I DIDN'T KILL PETER TOSH by Dennis Lobban
SOME 16 YEARS after being convicted of murdering Peter Tosh, Free I and Wilton 'Doc' Brown, Dennis Lobban still maintains his innocence, while serving a life sentence.
"I am innocent where this case is concerned. I have no knowledge about it. I was not there."
Lobban or 'Leppo', as he is called, has spent almost 30 years of his 48 years behind bars. THE WEEKEND STAR spoke with him, in only the second interview he has granted to the media, about his life, his relationship with Tosh and his hopes for the future.
Lobban, clad in a green tam, Ziggy Marley and the Melody Makers shirt and a pair of shorts walks into Superintendent Gillette Ramsay's office at the General Penitentiary, which is located on Tower Street, Kingston, seemingly wanting to lift a load off his shoulders.
"I cannot elaborate on something I did not do," he says.
Lobban says that he met Tosh as a youth residing in Trench Town. "Well is years I know Peter, and Bunny and Bob from Trench Town days, from I was a likkle boy, you get me."
"Yes, I was a fan of Peter Tosh. My favourite song was Legalise It.
He says that while they had an 'amicable relationship' there were times when he and Tosh did not see eye to eye.
Lobban spoke of one of the gravest disputes between them: "He went abroad on a tour and leave his Volvo. While I was at Skateland at Half-Way Tree, my bredda saw the Volvo and brought my attention to it and I said to my brother the boss is abroad so it couldn't be his Volvo. So I stop it and I realise [who] had drove it. So I spoke to him. I say to him whappen, ... as the man back turn, you took away the man Volvo, ups and downs in it. He says to me that I must not tell the boss, him will carry it back.
"That was the Friday. The Sunday, he went to Hellshire, he and some girls on his way coming back, the Volvo turn over, all four wheels up in the air. When the boss came from foreign, the boss come call me, we were having dialogue into the dining room, when I was going away, when we reach at the gate, at his gate at 5 Plymouth Avenue, I told him what had happened and he gave me a money. I even told him that he must not say nothing to (name omitted), but he told (name omitted).
"When I returned back to the home, he says to me that every lying lips is an abomination to Jah and him don't like a liad. When he says that to me every vein, every bone, everyting to me move."
However, Lobban says he still went to see Tosh after this and still went to the home and would not allow that to ruin their relationship.
He says he heard of Tosh's death much like the rest of the world. "That night I was in Jones Town at a grocery shop at 3 Crooks Street. I was there along with friends drinking and the shopkeeper. I never leave until 10:00 the night, while I was there I heard the news. I was surprised, I became astonished with the fact that something like that really happen."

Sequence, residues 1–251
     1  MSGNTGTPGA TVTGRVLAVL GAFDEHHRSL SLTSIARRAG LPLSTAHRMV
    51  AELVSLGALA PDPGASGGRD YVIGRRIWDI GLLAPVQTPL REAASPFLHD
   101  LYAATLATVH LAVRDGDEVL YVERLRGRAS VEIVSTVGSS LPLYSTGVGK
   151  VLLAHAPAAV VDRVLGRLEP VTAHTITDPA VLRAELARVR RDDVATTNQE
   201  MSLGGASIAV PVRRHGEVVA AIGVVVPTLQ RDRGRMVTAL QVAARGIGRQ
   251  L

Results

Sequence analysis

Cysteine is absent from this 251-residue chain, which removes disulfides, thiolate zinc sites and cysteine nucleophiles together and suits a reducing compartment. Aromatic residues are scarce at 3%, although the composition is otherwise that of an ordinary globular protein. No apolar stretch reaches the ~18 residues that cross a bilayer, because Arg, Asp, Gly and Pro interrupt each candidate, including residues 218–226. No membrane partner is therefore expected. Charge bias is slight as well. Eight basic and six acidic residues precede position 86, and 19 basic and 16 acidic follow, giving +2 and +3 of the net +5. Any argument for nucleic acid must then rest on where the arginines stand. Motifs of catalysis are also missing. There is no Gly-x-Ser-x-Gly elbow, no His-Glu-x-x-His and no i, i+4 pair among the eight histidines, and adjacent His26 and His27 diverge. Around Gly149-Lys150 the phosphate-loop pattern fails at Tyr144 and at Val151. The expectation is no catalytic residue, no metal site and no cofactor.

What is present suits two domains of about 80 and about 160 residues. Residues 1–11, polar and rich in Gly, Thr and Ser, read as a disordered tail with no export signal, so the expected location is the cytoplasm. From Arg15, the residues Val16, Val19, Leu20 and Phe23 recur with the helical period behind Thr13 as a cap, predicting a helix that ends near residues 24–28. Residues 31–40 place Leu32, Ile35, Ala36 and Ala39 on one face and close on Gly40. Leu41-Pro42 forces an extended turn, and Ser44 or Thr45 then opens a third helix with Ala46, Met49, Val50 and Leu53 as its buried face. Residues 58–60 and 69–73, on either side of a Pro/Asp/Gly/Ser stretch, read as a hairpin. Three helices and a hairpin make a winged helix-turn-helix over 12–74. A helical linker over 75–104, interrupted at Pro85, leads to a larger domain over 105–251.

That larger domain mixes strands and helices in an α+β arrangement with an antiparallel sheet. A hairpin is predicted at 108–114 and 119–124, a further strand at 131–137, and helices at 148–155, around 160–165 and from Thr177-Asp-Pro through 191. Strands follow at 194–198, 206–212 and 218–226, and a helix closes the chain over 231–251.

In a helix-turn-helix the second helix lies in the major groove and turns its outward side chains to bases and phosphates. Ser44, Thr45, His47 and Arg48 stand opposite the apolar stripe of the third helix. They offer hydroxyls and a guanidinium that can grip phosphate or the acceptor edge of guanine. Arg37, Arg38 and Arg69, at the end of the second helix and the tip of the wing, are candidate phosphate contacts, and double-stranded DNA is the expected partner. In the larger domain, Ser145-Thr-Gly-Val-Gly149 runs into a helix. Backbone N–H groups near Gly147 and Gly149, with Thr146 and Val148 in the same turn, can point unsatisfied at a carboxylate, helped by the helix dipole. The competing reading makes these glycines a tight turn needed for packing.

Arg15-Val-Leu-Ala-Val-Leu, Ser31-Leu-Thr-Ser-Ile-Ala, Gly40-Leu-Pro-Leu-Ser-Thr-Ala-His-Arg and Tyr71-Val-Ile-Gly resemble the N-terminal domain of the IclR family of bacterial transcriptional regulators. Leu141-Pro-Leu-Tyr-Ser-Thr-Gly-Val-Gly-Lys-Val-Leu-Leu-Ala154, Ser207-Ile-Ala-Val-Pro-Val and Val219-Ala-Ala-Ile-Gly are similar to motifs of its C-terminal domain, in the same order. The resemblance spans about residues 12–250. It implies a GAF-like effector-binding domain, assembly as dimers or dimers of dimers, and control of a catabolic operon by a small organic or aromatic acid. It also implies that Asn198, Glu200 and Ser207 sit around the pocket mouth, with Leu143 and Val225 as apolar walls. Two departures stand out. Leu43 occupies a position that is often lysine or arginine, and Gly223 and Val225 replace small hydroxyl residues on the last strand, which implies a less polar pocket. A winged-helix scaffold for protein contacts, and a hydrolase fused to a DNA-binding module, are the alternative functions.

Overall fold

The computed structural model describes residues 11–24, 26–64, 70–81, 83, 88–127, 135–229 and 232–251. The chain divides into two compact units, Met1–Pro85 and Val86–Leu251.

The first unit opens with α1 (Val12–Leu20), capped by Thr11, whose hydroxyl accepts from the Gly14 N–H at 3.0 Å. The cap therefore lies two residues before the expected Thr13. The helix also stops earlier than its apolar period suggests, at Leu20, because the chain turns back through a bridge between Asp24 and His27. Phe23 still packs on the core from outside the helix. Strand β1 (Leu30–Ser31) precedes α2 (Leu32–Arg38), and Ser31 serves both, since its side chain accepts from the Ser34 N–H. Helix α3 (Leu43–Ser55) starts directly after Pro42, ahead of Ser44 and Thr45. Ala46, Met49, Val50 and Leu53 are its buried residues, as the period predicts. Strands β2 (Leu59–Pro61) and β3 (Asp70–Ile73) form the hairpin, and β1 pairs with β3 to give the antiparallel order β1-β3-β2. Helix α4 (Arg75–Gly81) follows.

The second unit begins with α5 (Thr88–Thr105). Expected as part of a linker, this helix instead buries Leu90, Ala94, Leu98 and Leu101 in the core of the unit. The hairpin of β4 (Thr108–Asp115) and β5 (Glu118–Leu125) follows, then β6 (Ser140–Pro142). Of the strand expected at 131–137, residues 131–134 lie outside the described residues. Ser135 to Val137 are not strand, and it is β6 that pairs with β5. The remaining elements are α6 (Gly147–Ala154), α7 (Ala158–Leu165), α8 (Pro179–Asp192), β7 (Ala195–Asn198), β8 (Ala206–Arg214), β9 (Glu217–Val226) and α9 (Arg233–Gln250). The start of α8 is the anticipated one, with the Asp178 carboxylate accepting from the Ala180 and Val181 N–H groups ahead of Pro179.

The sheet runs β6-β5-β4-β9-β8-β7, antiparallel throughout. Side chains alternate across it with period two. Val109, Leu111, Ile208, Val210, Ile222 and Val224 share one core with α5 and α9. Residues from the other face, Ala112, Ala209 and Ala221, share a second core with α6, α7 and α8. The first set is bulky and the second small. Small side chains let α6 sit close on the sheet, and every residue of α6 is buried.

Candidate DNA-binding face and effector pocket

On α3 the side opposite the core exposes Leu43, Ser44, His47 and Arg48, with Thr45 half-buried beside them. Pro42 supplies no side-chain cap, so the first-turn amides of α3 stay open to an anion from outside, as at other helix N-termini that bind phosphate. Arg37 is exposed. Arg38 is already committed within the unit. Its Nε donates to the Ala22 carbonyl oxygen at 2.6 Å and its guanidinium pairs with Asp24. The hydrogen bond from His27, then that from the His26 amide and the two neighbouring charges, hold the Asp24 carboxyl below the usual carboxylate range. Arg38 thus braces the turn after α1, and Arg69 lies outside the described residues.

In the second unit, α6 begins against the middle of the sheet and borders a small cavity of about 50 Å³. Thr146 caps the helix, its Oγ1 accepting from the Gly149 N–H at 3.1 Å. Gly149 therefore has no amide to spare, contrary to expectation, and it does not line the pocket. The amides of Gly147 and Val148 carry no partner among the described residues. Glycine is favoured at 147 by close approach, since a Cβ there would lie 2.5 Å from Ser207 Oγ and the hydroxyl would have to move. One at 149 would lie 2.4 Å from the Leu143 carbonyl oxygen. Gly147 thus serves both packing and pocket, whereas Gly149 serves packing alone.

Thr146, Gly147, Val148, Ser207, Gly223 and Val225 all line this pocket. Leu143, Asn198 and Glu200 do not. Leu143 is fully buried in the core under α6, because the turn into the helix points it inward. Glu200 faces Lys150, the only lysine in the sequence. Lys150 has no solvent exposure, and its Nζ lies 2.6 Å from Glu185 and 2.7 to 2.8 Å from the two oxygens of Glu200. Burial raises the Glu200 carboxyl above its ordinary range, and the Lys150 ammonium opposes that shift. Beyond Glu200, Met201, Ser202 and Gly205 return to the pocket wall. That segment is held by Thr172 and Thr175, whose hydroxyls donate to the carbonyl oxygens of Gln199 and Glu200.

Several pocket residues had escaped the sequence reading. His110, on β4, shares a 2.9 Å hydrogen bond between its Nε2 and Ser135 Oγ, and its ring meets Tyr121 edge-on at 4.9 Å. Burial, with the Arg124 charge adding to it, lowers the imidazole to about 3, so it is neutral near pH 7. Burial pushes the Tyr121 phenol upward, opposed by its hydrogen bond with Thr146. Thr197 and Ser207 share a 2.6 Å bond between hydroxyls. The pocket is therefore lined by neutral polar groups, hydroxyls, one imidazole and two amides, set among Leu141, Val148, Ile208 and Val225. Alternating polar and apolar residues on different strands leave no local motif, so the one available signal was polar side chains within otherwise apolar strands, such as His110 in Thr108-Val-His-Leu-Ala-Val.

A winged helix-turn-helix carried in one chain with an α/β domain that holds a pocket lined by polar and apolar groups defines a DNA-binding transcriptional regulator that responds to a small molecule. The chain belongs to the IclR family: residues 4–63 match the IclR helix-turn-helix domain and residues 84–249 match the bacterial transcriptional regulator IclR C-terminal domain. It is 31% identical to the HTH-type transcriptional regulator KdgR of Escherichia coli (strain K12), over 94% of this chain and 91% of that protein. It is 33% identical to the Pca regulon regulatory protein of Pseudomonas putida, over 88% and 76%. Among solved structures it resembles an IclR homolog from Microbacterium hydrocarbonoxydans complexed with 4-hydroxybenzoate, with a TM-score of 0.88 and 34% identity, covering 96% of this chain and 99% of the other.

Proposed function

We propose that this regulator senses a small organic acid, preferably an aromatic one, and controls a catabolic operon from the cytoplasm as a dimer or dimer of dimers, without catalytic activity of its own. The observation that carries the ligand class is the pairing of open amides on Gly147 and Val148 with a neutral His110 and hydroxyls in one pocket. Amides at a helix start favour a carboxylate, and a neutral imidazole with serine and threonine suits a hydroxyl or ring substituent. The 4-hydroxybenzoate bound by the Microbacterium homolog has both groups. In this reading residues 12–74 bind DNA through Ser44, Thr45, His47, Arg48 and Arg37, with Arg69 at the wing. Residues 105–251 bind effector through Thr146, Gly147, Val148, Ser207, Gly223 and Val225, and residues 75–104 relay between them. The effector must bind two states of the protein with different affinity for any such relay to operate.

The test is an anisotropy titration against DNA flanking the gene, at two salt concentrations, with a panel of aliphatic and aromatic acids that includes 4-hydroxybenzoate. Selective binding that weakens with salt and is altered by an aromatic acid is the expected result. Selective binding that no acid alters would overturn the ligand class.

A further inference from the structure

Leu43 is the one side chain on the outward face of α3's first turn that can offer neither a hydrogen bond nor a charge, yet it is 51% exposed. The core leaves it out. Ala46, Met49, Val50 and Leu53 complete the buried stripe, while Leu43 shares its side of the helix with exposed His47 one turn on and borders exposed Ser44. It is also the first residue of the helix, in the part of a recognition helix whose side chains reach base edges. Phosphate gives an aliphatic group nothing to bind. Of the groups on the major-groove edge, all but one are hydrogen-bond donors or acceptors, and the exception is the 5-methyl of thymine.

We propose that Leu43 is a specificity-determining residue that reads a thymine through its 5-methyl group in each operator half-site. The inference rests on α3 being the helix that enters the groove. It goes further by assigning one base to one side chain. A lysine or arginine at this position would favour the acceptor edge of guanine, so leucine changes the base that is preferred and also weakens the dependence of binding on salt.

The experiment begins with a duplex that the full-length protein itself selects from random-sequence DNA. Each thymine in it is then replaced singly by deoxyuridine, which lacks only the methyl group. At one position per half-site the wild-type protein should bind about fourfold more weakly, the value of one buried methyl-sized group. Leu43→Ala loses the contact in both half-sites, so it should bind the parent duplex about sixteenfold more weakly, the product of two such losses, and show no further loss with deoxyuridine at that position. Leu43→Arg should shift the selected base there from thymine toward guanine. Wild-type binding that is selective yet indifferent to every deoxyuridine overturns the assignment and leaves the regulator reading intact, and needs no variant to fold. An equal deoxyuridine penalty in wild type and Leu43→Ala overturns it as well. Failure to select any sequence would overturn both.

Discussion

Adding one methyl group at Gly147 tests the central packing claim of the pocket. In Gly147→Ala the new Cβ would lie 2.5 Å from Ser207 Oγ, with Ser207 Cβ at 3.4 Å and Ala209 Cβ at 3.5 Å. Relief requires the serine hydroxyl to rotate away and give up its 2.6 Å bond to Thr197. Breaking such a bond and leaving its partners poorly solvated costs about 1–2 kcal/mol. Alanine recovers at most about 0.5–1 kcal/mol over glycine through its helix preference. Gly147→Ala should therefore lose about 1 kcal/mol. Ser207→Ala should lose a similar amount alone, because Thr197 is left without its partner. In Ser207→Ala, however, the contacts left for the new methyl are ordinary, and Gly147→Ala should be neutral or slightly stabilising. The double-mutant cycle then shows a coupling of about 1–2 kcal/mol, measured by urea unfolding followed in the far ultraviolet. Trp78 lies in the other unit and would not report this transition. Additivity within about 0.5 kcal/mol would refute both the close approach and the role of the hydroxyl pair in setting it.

So, if he was not there, why was he convicted of the murder? Lobban sees it like this, "Well the system in the court is totally different because everybody believe that I am the personality who have done that atrocity, that is why I am here.
"And there is two other witnesses which testify against me that they saw me in the house. They are lying, they are mendacious. ... They don't know who came in the house and fire shot and kill Peter Tosh and others."
Lobban argues that they testified against him because of a dispute between himself and someone close to Tosh. "I am here 16 years now without any substantial reason. We had a previ-ous dispute and they use that as a weapon against me."
The popular theory was that Lobban killed Tosh because Tosh reneged on an agreement between them. While not wanting to go into too much in detail, he admits "I took a rap for my bredren, protecting his career and nothing has been done for me and they says that I get corrupted and assassinate him because him never pay no attention to my kids and my family and tings like that."
However, he says that he cannot see why that would be used as a reason to convict him. "If you are going to do something for a bredren to protect his career, why is it is that when something like this happen now they are going to use it?"
That stint Lobban refers to was his second time in prison. He had been there before as a 16-year-old student at Denham Town Secondary. He says he was wrongfully imprisoned, on a suspicion of larceny charge.
Lobban says that these days he does not get many visitors because the persons who come are his family, however they live abroad.
His friends, he says, have admitted that they would come to visit him, but do not want people to know that they are his friends.
He now spends his time writing and performing dub poetry, reading books and listening to the news.
"I have nothing against the society because I was told to forgive, so I also forget everything," he says.
Naturally he has hopes of leaving prison, but through the proper channels. "I am not going to go jump no wall. I want to walk through the gate.
"I need to go and live some life now with my family."
What do you think bout it, Guilty or not